Sort of a guest blogger for this one. I promise to get away from the tear jerker’s soon. I’m not doing it on purpose. I write about things that affect me as they affect me. Sometimes it might take me a month or more to get things down “on paper” but most of what I write is “fresh”. I can’t say that I’ve been tearing up every day for the last few months, just that I’ve seen some really cool material (or had a chance to write it).
Some of you may remember my post “Bottled Memories”. That post was written about a man named Bob Hines. If you haven’t read it yet, please do. Here, in a post lifted from FaceBook, one of his sons talks about him a little more:
I was thinking about my Dad today and how much I miss him. He passed away about 7 years ago. I think that our dads could possibly be the greatest source of wisdom that many of us will ever have. I am finding myself more and more like my father everyday; in the things I say and the things I do.I was getting on to my 6 year old the other day and i looked up and saw myself making one of those faces that my dad used to make at me when i had pushed him to his limits; I had to laugh.
Quite often when I find myself seeking advice all I have to do is ask myself what dad would have done in this situation or what advice would he have given me. It makes the answers pretty easy, because I know what his answer would have been…do what’s right son. It’s pretty easy to say, but I watched that man live it…day after day after day, so I know it can be done.
If I had to list the three greatest things my father left me when he died they would not be the physical things of this world, they would be the lessons learned through his curiosity, patience and diligence. Dad was always curious about how everything work, sometimes out of necessity, but mostly just for the pure pleasure of solving the problem or figuring out how to fix what ever he was working on. Dad was a teacher by day and a tin smith by night, and on Saturdays he was working on what ever he could get his hands on to fix…Sundays were the only days that dad would not pick up a tool and he was pretty adamant about us not working on Sunday either. I don’t believe there was anything my father could not fix. If he could imagine it he could do it. That was because of his diligence. He never gave up on anything he was working on until it was fixed. No breaks, no rest, only constant focus and dedication to the job at hand. It’s hard not to just give up sometimes, and he was human. I saw him beyond aggravated on several occasions but it was typically at the beginning of the project, and then his patience kicked in and refreshed his focus and brought him back to the problem over and over and over again until it was solved. He didn’t stress so much over the things he could not control, and he didn’t argue with folks, even when he certainly could have won the argument. He had more patience than anyone else I have ever met. Dad taught me that a man can do anything with just patience and diligence, but looking back it was his curiosity that turned his work into something that he didn’t view as work at all.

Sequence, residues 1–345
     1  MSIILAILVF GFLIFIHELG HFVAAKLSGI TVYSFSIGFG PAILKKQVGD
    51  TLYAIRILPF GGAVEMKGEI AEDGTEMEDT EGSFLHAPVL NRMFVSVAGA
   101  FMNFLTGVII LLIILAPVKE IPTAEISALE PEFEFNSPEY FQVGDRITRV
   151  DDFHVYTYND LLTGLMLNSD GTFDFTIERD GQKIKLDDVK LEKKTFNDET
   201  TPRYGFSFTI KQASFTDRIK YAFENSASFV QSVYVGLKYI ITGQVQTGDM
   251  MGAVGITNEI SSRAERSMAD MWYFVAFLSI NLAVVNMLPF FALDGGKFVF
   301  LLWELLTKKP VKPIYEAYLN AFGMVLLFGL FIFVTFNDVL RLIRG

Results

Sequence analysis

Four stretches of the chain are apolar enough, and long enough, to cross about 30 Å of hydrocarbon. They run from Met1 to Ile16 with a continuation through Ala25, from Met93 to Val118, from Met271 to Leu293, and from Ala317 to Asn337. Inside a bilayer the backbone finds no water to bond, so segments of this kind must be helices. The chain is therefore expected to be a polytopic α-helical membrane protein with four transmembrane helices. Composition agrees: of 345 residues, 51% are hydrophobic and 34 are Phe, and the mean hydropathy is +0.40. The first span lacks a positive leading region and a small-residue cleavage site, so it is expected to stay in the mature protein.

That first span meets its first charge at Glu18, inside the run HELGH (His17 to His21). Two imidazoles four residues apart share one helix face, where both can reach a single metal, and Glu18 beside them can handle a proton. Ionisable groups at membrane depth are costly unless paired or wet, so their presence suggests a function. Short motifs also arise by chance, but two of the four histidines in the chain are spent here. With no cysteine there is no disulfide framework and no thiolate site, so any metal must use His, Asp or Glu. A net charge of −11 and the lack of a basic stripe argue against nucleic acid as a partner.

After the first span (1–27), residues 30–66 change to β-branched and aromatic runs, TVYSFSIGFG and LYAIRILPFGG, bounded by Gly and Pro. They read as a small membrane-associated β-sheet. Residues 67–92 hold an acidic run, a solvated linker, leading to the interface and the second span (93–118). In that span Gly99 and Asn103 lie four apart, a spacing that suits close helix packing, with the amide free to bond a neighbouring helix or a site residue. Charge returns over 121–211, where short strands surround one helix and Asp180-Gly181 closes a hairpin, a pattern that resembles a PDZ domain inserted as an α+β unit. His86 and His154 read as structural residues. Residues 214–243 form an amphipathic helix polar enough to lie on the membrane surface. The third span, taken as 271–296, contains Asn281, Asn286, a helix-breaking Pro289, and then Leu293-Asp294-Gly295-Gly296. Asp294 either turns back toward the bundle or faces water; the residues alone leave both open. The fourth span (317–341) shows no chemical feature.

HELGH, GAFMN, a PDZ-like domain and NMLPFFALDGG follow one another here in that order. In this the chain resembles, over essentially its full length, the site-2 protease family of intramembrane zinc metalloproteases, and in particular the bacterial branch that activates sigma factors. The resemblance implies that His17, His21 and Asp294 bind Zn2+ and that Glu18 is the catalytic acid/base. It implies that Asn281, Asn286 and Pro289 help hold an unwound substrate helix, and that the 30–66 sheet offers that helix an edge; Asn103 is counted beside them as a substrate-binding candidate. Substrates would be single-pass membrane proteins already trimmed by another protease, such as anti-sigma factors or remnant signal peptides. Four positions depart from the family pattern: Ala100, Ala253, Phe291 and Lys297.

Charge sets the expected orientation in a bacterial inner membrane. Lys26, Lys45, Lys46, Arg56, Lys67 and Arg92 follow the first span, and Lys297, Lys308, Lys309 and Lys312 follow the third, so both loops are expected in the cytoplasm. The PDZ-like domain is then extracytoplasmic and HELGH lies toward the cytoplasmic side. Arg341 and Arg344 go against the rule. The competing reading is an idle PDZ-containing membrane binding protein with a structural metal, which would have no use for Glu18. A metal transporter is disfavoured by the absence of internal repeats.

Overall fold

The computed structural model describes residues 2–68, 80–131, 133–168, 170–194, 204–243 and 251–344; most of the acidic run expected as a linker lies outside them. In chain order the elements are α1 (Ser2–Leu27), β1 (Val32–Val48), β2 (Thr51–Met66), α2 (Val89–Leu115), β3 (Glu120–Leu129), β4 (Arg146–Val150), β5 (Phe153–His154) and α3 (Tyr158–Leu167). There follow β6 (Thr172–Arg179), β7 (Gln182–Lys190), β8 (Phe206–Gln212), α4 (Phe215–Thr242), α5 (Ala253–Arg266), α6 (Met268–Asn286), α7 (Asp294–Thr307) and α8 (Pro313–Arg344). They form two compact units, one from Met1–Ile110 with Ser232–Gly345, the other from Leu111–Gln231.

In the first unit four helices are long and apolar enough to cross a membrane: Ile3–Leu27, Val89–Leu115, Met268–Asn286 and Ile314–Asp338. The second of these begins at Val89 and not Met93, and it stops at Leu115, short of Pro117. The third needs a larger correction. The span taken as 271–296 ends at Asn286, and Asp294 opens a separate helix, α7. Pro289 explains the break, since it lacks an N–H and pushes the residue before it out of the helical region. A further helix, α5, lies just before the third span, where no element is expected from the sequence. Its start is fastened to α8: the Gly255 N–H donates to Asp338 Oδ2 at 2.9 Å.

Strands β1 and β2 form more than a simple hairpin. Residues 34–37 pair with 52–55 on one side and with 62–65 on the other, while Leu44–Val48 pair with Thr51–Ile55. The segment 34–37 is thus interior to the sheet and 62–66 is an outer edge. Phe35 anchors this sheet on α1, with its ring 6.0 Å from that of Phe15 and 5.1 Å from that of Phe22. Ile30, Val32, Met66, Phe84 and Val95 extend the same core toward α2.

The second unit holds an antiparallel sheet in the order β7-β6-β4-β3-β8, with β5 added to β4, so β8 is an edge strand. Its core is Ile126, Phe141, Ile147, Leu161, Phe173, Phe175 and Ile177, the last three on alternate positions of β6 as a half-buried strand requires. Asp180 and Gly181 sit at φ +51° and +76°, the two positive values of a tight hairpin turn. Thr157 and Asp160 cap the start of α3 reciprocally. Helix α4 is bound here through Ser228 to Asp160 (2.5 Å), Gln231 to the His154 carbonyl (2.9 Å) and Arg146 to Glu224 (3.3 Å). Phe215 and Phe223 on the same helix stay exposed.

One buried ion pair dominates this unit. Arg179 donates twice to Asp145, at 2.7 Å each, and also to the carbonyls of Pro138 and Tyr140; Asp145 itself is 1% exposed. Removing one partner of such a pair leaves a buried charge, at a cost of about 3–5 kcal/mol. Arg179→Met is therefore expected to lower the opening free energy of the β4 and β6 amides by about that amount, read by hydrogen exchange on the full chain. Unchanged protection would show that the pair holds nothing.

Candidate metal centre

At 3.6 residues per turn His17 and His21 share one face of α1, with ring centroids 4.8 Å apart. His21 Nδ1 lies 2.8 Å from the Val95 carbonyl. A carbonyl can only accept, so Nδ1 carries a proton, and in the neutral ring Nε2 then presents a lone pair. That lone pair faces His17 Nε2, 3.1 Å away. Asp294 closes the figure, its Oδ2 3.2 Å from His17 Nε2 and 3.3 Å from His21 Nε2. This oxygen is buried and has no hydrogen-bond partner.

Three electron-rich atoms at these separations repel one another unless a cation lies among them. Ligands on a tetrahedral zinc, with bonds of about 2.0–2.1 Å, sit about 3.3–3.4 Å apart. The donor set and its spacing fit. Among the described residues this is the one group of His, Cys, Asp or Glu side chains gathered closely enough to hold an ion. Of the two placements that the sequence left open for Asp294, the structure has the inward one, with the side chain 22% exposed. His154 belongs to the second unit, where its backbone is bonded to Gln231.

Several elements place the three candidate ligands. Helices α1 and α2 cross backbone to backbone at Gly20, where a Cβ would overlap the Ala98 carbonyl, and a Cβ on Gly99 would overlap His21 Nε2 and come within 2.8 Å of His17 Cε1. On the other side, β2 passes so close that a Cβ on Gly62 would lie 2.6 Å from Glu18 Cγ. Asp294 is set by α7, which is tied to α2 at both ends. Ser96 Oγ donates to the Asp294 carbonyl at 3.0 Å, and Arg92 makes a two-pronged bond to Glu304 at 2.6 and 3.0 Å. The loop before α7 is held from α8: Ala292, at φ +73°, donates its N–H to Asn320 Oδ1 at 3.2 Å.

If you are reading this and your dad is still living, call him more, go visit him more, do what you can to spend all of the time with him as you can. He is not getting any younger, but he is certainly getting wiser. I wish I had not been so hardheaded when I was younger and that I had realized sooner that everything he was doing was to teach me and help me and guide me and prepare me for what life was going to hit me with.
I miss you dad,
I will see you again one day.
When you see good people, truly good people, dismissed by their offspring you can’t help but wonder what went wrong. It’s refreshing to see children who remember a good parent properly.
I know that over the years Bob’s sons had an occasional issue with “the old man” because I’ve heard the stories from the sources. That’s growing up I guess. Now, years later, all of the stories are about how “the old man” was so very right. I’m with Scott on this one. If your Dad is still alive, find a minute or two to give him a call. It might be one of the last chances that you have to get one more bit of life changing wisdom from a fading resource.